The popular story of how low-carb diets work goes something like this: Reducing your carbohydrate in...
Let me introduce myself. My name is Mark Sisson. I’m 63 years young. I live and work in Malibu, California. In a past life I was a professional marathoner and triathlete. Now my life goal is to help 100 million people get healthy. I started this blog in 2006 to empower people to take full responsibility for their own health and enjoyment of life by investigating, discussing, and critically rethinking everything we’ve assumed to be true about health and wellness...Tell Me More
This Italian dish borrows an Asian trick for frying chicken: Use potato starch instead of flour and/or breadcrumbs for a crispy and gluten-free coating. Potato starch has been mentioned before as a potentially beneficial resistant starch. Unfortunately, heating potato starch can negate its RS function, which means you won’t benefit from eating it in this recipe. But it doesn’t change the fact that potato starch is gluten-free and, more importantly (if you love fried chicken), it’s a perfect crispy, crunchy coating.
Plus, with a few other easy changes, you can turn Chicken Parmesan into a completely Primal meal: spaghetti squash instead of noodles, flavorful, juicy chicken thighs instead of breasts, and only a light sprinkle of aged cheese.Read More
It’s easy to be intimidated by recipes for homemade Thai curry paste, what with the long list of sometimes hard-to-find ingredients and all. So this recipe keeps things as simple as possible, using a slightly modified list of ingredients that can be found in most grocery stores. Throw all the ingredients into a food processor, blend until smooth, and in a few minutes you’ve got yourself some homemade Thai green curry paste.
Bright, vibrant, and aromatic, homemade curry paste hits all the senses. Packed with flavor and made from superfoods like garlic, ginger and peppers, curry paste is a remarkable condiment.Read More
Just like beef bone broth, the flavor of chicken broth can be transformed by adding a variety of nourishing and invigorating ingredients.
For example, here are some killer flavor enhancers: ginger, garlic, kombu, spices, herbs, citrus, coconut milk and fish sauce. Simmering these ingredients in chicken broth gives you something that’s more flavorful than plain broth, but not quite a pot a soup.
Need a basic chicken broth recipe to get you started? There’s one at the end of this post.Read More
Who can resist meat with a built-in handle? No utensils needed for drumsticks, just a stack of napkins or the willingness to lick your fingers clean. Which is a pleasure, when they’re covered with chicken fat and zesty Southwest spices.
Southwest drumsticks are coated in coconut flour and spices, baked until brown and crispy, then dunked repeatedly in spicy chipotle mayo. It’s an easy dinner or deliciously convenient lunch, so consider cooking a batch specifically to grab cold out of the refrigerator.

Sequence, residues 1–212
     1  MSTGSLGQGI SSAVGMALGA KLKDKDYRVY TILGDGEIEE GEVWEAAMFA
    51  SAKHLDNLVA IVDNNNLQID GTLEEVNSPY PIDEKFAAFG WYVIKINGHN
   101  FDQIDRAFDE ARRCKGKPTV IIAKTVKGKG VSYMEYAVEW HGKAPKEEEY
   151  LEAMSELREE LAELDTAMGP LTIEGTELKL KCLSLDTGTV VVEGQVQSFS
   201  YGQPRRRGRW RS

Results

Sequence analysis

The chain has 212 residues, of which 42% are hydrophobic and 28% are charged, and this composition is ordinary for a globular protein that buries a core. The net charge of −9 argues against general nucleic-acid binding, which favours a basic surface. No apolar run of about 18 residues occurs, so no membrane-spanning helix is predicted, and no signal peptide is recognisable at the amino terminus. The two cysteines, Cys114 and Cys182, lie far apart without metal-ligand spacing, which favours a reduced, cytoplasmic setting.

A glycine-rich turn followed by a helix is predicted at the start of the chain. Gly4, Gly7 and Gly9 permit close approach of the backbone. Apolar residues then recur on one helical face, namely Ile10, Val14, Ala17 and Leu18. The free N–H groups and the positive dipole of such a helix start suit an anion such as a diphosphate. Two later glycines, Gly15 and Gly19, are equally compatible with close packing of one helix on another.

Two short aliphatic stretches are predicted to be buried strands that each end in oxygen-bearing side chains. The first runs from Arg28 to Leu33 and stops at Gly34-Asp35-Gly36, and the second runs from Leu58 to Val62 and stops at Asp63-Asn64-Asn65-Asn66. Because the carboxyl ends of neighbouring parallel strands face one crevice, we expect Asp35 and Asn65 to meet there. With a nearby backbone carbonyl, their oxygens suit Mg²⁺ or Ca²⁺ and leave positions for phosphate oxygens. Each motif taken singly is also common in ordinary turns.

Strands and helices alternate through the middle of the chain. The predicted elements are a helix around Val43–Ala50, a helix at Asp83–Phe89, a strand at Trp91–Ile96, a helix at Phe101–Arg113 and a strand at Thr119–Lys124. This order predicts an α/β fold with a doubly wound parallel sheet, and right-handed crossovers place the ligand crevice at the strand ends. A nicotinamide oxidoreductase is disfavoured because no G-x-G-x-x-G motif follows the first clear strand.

The chipotle lime mayo is already made for you in the Primal Kitchen. PRIMAL KITCHEN® Chipotle Lime Mayo is dairy, soy and canola oil free with no sugar or artificial ingredients. This flavored mayo has just the right amount of heat, plus a smoky chipotle flavor. It’s the perfect sidekick for these drumsticks. Once you have a jar of the mayo in your refrigerator, how else can you use this addictive (and convenient) condiment? Fish, salmon cakes, steak and chilaquiles immediately come to mind.Read More
West African nut stew is usually West African peanut stew. Peanut butter is whisked into the broth to give the stew a rich texture and slightly sweet, nutty flavor. Although a little peanut butter isn’t something that most people, even those following a Primal diet, need to avoid at all costs, it’s good to have options.
You could leave the nut butter out entirely, and the stew is still good, but the nut butter is what makes this stew unique and gives it a really satisfying flavor and texture. In place of peanut butter, almond butter can be whisked into West African stew with little noticeable difference in flavor. Cashew butter or sunflower butter can also be used.Read More
Mexican carnitas are made from meat that’s been slow-cooked in fat. Usually, this means pork braised in lard. But duck legs covered in a thick layer of fatty skin are ideal for this sort of cooking. Not only do you end up with easy, really delicious duck carnitas, you’ll have a little extra rendered duck fat in the pot to use for future cooking.
The tender, shredded duck meat is fried briefly to crisp up the edges, then it’s tossed with a cabbage slaw made from red cabbage, radishes, jalapeno peppers and cilantro. This combination of ingredients makes the slaw a brightly colored, sulfur rich, Vitamin C packed powerhouse…but you don’t have to think about that while you’re eating it. Just focus on how delicious the cool, crunchy, spicy slaw tastes with rich, crispy morsels of duck.Read More